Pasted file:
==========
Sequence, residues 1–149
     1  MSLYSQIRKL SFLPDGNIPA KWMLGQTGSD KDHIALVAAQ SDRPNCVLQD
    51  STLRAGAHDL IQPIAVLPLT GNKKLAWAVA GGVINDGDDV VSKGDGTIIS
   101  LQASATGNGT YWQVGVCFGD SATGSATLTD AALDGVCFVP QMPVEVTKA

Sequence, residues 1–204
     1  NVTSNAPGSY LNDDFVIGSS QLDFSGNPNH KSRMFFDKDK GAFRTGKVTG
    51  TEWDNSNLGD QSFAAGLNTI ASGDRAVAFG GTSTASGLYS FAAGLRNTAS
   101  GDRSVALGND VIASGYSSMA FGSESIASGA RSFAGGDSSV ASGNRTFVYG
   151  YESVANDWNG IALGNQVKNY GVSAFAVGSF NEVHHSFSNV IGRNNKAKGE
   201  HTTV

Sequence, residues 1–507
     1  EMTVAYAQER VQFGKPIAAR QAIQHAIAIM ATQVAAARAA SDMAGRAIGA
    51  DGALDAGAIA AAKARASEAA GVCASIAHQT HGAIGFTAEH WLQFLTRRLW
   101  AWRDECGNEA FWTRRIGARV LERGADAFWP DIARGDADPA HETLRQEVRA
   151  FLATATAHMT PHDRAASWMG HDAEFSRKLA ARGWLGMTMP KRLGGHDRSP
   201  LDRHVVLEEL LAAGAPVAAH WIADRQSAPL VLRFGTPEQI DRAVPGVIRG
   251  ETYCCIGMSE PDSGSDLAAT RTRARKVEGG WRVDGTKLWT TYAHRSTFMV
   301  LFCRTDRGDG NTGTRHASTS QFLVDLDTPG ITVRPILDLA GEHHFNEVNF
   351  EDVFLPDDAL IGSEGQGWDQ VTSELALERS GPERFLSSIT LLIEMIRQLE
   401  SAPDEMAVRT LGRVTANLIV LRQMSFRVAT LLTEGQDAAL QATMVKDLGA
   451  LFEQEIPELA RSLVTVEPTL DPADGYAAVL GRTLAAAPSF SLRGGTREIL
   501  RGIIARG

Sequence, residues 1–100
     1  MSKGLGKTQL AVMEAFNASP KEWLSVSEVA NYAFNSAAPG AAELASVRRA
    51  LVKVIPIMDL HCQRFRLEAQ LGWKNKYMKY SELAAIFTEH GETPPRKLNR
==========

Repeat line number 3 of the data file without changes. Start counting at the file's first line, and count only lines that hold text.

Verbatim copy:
    51  STLRAGAHDL IQPIAVLPLT GNKKLAWAVA GGVINDGDDV VSKGDGTIIS